The root of their crime seems to be “serving while Christian” — an offense apparently equal to treason in Weinstein’s mind.
Weinstein’s nearly two thousand-word diatribe against Christians (whose length, disjointed points, and meandering theme seem to indicate it was actually drafted by Chris Rodda) who have the gall to publicly identify with their faith is actually a positive development.
First, it is only the most recent demonstrable evidence of Mikey Weinstein’s specific hatred toward Christianity and his “laser-like” focus on attacking Christians. Better than anyone’s, Weinstein’s own words articulately indict his claims he supports “religious freedom” by any definition. While he will still manage to raise money on the backs of Christian troops from like-minded acolytes, his public intellectual inconsistency will undermine any broader appeal.
Second, Weinstein — who was once jokingly referred to as the de facto Secretary of the Air Force due to his outsized influence and access to military leaders — has been relegated to the status of activist blogger. While there’s nothing wrong with blogging, for Weinstein it’s an indication of how far his star has fallen — not an insignificant issue for a man well-known for the size of his ego. It’s also a positive indication of how far the U.S. military has come in its strides to protect religious freedom from bigoted attacks. Gone is Weinstein’s “bat-signal” and direct line to the Chief of Staff of the Air Force, and gone is the inexplicable attention the mainstream press once gave to Weinstein’s prejudiced vitriol.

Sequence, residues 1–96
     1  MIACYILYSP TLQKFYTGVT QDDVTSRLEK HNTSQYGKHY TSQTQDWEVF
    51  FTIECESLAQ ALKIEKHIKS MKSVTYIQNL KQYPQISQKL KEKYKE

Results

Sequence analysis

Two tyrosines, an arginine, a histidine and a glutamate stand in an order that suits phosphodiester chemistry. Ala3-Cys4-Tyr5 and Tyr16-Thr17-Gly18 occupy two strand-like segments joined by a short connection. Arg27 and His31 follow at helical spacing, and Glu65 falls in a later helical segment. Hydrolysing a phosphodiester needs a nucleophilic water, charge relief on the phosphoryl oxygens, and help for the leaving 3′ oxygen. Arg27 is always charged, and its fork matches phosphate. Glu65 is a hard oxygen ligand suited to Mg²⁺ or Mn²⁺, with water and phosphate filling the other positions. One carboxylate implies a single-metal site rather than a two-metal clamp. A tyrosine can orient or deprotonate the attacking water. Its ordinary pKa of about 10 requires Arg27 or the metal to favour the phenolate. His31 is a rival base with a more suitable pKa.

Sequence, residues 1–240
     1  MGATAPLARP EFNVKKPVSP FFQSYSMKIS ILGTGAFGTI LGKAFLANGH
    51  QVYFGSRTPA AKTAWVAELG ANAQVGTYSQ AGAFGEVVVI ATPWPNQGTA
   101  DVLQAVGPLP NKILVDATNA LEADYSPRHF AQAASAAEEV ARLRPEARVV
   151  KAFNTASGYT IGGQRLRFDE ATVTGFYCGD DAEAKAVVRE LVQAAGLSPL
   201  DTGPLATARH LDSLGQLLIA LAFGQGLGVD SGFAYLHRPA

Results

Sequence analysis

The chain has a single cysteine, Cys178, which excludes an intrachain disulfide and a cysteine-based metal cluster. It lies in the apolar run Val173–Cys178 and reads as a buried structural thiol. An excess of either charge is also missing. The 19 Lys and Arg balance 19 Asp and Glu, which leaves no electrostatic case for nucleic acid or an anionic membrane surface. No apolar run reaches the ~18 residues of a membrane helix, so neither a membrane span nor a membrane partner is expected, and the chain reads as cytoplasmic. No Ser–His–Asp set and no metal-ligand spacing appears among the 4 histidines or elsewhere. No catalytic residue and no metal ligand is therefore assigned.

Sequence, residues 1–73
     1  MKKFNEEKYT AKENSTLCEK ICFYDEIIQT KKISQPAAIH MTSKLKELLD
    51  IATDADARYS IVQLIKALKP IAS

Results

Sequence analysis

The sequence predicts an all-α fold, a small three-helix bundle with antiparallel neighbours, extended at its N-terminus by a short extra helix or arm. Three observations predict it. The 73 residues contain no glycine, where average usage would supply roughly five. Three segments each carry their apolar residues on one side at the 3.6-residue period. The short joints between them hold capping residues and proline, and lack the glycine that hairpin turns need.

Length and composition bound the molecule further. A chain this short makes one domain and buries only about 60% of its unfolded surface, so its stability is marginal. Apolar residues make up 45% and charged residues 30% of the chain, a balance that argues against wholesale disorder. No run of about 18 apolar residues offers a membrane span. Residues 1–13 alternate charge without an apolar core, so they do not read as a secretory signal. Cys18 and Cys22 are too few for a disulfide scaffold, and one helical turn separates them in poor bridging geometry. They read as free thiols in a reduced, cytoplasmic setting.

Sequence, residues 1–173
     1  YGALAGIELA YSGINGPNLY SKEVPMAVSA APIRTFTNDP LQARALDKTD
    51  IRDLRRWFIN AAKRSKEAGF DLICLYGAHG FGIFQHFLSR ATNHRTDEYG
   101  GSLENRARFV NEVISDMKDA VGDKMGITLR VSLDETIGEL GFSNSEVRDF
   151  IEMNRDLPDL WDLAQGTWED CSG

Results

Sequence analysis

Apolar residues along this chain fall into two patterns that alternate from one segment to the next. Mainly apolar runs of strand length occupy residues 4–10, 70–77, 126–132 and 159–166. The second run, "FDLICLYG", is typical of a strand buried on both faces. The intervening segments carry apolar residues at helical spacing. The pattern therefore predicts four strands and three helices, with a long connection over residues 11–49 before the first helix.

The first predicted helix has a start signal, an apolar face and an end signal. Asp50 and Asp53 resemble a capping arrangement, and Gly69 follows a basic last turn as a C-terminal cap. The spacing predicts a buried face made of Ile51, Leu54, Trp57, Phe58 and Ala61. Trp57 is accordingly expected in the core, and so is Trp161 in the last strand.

If the best Weinstein can muster is an uninspiring blog about military Christians saying they’re Christians — and making a few vitriolic accusations the military has ignored — then military religious freedom has prevailed.
Thumper and Austin, thanks for being an example to others in boldly living out your faith. Your service is an encouragement to other military Christians, fighter pilots, and those that want to be. And by the way, it’s fascinating that Mikey Weinstein was the tool God used to get your stories out in front of far more people than would otherwise have seen them.
Maybe Mikey will end up being a Paul after all.
So whether you eat or drink or whatever you do, do it all for the glory of God.
– 1 Corinthians 10:31
What is the chief End of Man?
Man’s chief End is to glorify God and enjoy Him forever.
– Westminster Shorter Catechism